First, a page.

The OFT has written to 50 leading installers requesting they improve their standards following a review of the industry. They found examples of shoddy installation practices but also problems with paperwork and a lack of information around cancellation rights.
The move comes as the OFT tries to tidy up a sector expected to experience significant growth, with growing awareness of energy-efficiency among consumers and the government’s upcoming Green Deal providing financial assistance.
The energy-efficiency industry was worth £18bn in 2010-11.
The review found examples of salesmen staying in homes for up to three hours, offering discounts for those who signed up immediately, and giving incorrect information.
Nisha Arora, Director in the OFT’s Services, Infrastructure and Public Markets Group, said: “Energy efficiency products offer real benefits to consumers and the sector has significant potential for business growth. However, it is important that people can be confident the companies they deal with are complying with the law, and that they are able to make informed purchases, without pressure sales techniques.
“Many businesses in this sector comply with the law and engage in good business practices but we urge others to raise their standards.
“Businesses that fail to address the issues that we have identified risk enforcement action.
“It is important that people can be confident the companies they deal with are complying with the law, and that they are able to make informed purchases, without pressure sales techniques,” said Nisha Arora, of the OFT.
OFT guidance for consumers
The OFT has issued clear guidance for consumers looking to take advantage of energy-efficiency measures:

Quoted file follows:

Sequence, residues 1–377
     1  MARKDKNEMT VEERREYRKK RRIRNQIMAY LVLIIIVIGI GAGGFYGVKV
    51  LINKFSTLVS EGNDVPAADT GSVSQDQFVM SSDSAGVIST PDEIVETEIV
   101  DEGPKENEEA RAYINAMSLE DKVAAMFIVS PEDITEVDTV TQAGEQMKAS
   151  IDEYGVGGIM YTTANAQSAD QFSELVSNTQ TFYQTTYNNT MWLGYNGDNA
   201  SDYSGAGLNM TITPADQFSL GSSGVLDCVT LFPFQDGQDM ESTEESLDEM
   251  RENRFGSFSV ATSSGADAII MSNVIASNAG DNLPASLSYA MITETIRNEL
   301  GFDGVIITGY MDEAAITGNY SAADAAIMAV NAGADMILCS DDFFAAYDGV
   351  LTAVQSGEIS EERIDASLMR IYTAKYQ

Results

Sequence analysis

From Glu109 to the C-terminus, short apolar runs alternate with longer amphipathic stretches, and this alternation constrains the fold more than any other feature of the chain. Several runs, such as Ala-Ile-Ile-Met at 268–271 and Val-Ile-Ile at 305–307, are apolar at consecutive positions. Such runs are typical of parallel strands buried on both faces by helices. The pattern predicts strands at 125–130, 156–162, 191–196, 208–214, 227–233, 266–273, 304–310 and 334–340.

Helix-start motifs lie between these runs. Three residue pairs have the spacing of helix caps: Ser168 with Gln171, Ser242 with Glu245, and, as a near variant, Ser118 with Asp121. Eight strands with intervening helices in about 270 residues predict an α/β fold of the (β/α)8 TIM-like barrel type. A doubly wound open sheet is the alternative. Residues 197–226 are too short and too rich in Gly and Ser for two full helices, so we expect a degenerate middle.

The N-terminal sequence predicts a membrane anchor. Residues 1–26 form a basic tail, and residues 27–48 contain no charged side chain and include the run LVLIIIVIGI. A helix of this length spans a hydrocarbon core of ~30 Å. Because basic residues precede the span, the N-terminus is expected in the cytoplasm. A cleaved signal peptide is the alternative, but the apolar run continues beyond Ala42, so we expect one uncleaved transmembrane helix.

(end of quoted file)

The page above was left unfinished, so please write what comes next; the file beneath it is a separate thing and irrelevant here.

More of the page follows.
- Take your time in making a decision – Being promised a ‘special discount’ or ‘time limited’ offer? Don’t be tempted and shop around first. Remember: you can ask a salesperson to leave your home at any time.
- Double check the facts – Is the product suitable for your home? Are you eligible for any grants? Are their claims about energy savings accurate?
- Know what you are signing – Check whether you are signing a contract or just agreeing to a survey or a quote. Read all the paperwork, and ask questions if you are unclear.
- Know your cancellation rights – Where you buy on your doorstep or in your home and you spend more than £35, you usually have seven calendar days to change your mind and cancel, and can get back any money you have already paid, including a deposit – the ‘cooling off’ period. The cooling off period starts on the day you are given your written cancellation notice by the salesperson. Think carefully before you agree to any work starting during the cooling off period – you can still cancel but may have to pay a reasonable amount.
- Know your rights if things go wrong – Make sure you know what you can do if things go wrong. Contact Citizens Advice for information and advice on your legal rights.